Sex-Stratified Gene Regulatory Networks Reveal Female Key Driver Genes of Atherosclerosis Involved in Smooth Muscle Cell Phenotype Switching

Circulation. 2021 Feb 16;143(7):713-726. doi: 10.1161/CIRCULATIONAHA.120.051231. Epub 2021 Jan 27.

Abstract

Background: Although sex differences in coronary artery disease are widely accepted with women developing more stable atherosclerosis than men, the underlying pathobiology of such differences remains largely unknown. In coronary artery disease, recent integrative systems biological studies have inferred gene regulatory networks (GRNs). Within these GRNs, key driver genes have shown great promise but have thus far been unidentified in women.

Methods: We generated sex-specific GRNs of the atherosclerotic arterial wall in 160 women and age-matched men in the STARNET study (Stockholm-Tartu Atherosclerosis Reverse Network Engineering Task). We integrated the female GRNs with single-cell RNA-sequencing data of the human atherosclerotic plaque and single-cell RNA sequencing of advanced atherosclerotic lesions from wild type and Klf4 knockout atherosclerotic smooth muscle cell (SMC) lineage-tracing mice.

Results: By comparing sex-specific GRNs, we observed clear sex differences in network activity within the atherosclerotic tissues. Genes more active in women were associated with mesenchymal cells and endothelial cells, whereas genes more active in men were associated with the immune system. We determined that key drivers of GRNs active in female coronary artery disease were predominantly found in (SMCs by single-cell sequencing of the human atherosclerotic plaques, and higher expressed in female plaque SMCs, as well. To study the functions of these female SMC key drivers in atherosclerosis, we examined single-cell RNA sequencing of advanced atherosclerotic lesions from wild type and Klf4 knockout atherosclerotic SMC lineage-tracing mice. The female key drivers were found to be expressed by phenotypically modulated SMCs and affected by Klf4, suggesting that sex differences in atherosclerosis involve phenotypic switching of plaque SMCs.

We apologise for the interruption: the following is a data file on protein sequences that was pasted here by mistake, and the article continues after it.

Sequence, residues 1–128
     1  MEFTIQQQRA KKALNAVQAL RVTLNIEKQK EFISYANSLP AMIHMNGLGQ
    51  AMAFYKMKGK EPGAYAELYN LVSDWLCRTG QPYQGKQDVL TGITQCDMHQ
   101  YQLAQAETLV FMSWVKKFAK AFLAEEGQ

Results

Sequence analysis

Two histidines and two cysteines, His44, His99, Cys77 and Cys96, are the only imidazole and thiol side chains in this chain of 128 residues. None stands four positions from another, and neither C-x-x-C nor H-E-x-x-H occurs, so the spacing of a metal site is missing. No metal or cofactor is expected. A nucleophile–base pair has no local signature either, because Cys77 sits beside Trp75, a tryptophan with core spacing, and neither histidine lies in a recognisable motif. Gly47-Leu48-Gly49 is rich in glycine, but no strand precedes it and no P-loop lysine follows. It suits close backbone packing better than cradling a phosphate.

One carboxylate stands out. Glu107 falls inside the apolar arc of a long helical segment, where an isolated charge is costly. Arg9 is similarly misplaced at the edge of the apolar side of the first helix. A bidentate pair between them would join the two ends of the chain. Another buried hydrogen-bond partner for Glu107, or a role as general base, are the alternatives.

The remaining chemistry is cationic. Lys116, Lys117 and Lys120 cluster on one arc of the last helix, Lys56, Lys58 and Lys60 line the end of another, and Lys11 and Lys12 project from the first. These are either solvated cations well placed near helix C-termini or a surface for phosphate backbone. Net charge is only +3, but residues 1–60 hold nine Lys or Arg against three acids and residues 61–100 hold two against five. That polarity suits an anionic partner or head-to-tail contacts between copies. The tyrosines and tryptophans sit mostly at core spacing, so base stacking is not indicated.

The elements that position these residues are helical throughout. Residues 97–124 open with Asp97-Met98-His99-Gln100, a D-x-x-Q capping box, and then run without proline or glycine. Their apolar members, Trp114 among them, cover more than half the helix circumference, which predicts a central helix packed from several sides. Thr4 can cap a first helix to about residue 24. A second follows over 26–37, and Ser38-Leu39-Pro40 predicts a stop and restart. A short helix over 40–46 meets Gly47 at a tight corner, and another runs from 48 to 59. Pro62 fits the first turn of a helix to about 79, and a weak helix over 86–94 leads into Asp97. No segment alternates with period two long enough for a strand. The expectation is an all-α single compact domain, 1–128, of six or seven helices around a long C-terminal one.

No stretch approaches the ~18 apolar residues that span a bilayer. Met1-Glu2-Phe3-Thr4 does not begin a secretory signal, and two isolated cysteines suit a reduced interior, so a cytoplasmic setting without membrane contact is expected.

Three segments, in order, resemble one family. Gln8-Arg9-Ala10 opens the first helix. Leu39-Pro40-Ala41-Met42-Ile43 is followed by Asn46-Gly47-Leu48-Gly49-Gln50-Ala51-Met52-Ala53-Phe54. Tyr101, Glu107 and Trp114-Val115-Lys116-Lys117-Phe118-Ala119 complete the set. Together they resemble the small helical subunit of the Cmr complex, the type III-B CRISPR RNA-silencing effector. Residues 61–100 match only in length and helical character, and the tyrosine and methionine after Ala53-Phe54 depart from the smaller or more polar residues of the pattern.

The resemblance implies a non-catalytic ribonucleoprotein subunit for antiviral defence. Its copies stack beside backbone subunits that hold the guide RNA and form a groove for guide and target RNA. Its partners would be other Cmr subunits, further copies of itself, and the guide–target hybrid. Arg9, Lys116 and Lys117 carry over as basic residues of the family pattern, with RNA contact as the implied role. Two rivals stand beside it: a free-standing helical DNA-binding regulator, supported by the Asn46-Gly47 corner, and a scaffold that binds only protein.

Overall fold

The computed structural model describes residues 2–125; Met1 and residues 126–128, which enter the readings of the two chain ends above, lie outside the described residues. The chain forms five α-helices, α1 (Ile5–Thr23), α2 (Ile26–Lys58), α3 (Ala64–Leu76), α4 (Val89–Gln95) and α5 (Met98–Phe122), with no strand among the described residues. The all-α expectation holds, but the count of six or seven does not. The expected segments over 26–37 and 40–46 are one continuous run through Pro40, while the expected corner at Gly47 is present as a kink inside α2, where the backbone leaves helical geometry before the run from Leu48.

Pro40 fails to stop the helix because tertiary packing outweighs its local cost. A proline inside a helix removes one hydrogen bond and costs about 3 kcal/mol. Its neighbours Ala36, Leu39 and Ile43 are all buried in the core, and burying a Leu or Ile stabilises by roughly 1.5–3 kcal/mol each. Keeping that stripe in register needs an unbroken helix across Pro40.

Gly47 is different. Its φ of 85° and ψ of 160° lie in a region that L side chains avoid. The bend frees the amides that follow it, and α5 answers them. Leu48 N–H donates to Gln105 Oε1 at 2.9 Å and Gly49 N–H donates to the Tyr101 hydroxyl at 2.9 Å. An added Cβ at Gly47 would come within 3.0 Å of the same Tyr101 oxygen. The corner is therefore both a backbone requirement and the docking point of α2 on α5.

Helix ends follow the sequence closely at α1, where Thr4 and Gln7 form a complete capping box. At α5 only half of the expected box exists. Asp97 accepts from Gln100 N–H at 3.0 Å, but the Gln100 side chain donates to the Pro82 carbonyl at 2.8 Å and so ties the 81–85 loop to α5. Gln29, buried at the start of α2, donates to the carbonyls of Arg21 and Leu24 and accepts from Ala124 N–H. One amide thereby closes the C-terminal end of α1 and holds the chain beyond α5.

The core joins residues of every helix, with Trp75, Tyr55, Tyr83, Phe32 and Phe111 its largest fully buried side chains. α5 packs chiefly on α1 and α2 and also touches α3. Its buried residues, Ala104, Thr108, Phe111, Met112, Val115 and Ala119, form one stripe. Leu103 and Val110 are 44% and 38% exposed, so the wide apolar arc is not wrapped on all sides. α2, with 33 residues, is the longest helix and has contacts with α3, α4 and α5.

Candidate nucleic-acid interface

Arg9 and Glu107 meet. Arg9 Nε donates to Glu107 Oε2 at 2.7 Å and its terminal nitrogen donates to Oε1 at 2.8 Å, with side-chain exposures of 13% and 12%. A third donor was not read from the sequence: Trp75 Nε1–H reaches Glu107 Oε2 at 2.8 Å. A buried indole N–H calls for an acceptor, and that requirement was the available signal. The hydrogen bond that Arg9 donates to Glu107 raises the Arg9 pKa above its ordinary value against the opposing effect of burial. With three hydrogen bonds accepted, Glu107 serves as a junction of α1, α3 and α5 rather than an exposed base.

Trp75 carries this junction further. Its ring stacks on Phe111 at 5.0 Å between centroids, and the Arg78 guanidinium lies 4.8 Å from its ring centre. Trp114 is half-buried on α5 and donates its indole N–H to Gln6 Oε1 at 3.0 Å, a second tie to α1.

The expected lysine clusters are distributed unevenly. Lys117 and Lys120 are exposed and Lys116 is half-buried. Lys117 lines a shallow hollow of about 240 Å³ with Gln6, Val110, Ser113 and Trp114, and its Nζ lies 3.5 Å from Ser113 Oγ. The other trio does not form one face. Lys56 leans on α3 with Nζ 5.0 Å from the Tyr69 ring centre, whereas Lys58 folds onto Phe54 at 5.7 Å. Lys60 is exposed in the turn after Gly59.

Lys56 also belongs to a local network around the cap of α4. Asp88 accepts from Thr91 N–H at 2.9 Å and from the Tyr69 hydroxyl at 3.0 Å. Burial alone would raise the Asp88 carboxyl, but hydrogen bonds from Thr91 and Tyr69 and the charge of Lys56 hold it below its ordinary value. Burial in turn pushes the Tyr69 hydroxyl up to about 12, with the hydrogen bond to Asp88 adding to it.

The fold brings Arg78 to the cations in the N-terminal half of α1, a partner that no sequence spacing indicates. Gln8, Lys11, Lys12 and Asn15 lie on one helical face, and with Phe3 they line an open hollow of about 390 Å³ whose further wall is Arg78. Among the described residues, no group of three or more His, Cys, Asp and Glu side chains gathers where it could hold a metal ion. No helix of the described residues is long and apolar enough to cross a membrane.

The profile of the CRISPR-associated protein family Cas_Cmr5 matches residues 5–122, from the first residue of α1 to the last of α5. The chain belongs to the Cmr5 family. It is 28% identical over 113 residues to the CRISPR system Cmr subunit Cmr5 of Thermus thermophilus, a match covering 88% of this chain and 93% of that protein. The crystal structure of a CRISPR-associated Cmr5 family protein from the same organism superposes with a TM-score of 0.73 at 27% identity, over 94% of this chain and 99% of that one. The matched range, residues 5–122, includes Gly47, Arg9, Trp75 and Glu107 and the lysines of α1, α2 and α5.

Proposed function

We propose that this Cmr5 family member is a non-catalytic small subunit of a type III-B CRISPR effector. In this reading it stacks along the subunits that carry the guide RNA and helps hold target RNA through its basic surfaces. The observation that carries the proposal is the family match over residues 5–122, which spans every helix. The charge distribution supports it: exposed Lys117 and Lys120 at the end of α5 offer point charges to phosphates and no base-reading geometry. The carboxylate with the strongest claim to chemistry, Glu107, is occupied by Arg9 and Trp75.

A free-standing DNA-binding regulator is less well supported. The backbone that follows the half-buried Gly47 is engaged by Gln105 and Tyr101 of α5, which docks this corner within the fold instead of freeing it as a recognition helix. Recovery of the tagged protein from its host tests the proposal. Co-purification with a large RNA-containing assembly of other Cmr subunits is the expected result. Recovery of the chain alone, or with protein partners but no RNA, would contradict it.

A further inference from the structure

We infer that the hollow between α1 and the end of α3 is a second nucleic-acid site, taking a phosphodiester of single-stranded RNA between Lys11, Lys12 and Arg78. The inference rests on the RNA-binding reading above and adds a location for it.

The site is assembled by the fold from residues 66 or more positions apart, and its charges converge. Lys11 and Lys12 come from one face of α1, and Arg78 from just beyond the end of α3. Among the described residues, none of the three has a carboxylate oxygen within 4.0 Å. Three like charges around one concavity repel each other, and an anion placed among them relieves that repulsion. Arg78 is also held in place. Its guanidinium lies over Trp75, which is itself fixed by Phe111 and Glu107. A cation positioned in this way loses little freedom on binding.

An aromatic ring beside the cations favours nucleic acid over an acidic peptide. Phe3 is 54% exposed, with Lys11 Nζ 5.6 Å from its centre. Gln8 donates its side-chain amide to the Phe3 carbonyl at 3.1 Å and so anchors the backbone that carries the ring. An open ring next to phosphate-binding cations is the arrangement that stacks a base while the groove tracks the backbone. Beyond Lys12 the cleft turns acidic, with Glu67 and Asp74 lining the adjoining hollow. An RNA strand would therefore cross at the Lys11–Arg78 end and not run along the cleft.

Conclusions: Our systems approach provides novel insights into molecular mechanisms that underlie sex differences in atherosclerosis. To discover sex-specific therapeutic targets for atherosclerosis, an increased emphasis on sex-stratified approaches in the analysis of multi-omics data sets is warranted.

Keywords: atherosclerosis; gene regulatory networks; myocytes, smooth muscle; sex; systems biology; transcriptome.